Market Volatility: August 16, 2019

Over the last several weeks, global economic issues have driven a substantial uptick in market volatility. Trade talks between the U.S. and China have remained unproductive, and indicators globally have continued to show economic weakness. In addition, the Hong Kong protests have become increasingly violent, which could force China to intervene, creating even more market uncertainty.

Recessionary fears came to a head earlier this week after Germany’s economy contracted in the second quarter and Chinese industrial production came in lower than markets projected. In response to these reports, the Dow Jones Industrial Average dropped more than 800 points, posting its largest decline this year. U.S. government bond yields continued their decline, with the 30-year treasury dipping under 2% for the first time ever. Additionally, the spread between 10-year and 2-year treasuries dropped below zero, which many analysts view as a strong predictor of a coming recession. 

While market swings tend to feel rattling, it is important to keep the broader economic picture along with your long-term goals in mind. U.S. labor markets are strong, and the Federal Reserve is taking an aggressive stance on rate cuts to maintain the economic expansion; markets recently were pricing in an almost 60% probability of three or more rate cuts before the end of year. Earlier this week, Walmart earnings came in stronger than expected despite these global trade tensions, and U.S. core retail sales beat forecasts.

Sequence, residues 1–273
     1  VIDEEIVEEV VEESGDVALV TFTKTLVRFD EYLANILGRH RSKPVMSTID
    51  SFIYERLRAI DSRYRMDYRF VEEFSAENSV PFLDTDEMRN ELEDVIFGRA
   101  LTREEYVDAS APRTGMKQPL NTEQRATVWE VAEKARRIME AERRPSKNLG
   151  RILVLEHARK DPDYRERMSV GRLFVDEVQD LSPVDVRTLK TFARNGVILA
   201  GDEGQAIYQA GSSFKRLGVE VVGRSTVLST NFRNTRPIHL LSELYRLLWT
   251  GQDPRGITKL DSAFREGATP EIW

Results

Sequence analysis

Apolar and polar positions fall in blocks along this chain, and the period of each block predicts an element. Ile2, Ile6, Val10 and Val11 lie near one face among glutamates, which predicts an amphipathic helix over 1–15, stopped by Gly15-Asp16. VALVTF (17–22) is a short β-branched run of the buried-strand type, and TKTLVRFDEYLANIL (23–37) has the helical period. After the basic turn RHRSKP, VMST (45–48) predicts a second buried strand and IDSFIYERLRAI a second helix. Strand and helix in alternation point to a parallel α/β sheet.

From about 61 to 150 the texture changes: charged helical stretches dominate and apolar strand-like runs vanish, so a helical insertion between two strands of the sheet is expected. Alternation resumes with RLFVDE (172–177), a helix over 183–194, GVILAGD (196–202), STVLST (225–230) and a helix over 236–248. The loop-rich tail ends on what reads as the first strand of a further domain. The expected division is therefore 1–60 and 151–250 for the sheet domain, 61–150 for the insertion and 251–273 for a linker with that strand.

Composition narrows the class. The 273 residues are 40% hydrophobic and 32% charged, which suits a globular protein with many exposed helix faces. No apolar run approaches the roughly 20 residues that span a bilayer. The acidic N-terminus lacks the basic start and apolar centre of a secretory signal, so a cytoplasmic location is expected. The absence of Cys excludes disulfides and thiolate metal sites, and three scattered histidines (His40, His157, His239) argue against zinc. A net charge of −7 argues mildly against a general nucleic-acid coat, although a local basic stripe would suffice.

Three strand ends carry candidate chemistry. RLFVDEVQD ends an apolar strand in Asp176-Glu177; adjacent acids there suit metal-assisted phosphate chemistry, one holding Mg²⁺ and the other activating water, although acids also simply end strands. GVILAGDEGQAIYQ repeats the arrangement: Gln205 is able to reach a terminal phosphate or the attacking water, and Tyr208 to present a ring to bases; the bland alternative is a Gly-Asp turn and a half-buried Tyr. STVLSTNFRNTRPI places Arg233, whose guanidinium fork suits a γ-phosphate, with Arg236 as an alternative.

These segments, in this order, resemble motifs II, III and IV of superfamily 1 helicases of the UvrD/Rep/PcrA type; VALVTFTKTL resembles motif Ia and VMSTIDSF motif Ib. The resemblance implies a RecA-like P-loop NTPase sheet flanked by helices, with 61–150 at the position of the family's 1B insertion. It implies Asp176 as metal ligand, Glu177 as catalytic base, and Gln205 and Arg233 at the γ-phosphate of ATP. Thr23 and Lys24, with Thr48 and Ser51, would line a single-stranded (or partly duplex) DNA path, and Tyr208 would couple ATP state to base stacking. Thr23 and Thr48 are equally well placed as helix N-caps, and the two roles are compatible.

Despite our instinctual tendency to react emotionally to sudden volatility, keeping these market dislocations in perspective with long-term goals and objectives best ensures an investor’s chances of success. While just about any historical analysis proves the failures of timing the market, investing for the long term in portfolios that match your risk tolerance and that keep your total financial plan in mind allow us to weather these moments of unsteadiness. In fact, subsequent days after large market dips can represent the largest upswings in a given year, and missing those days by suddenly deciding to exit the market can dramatically undercut annual performance. If you have any questions about your portfolio or the market, don’t hesitate to reach out to us to discuss.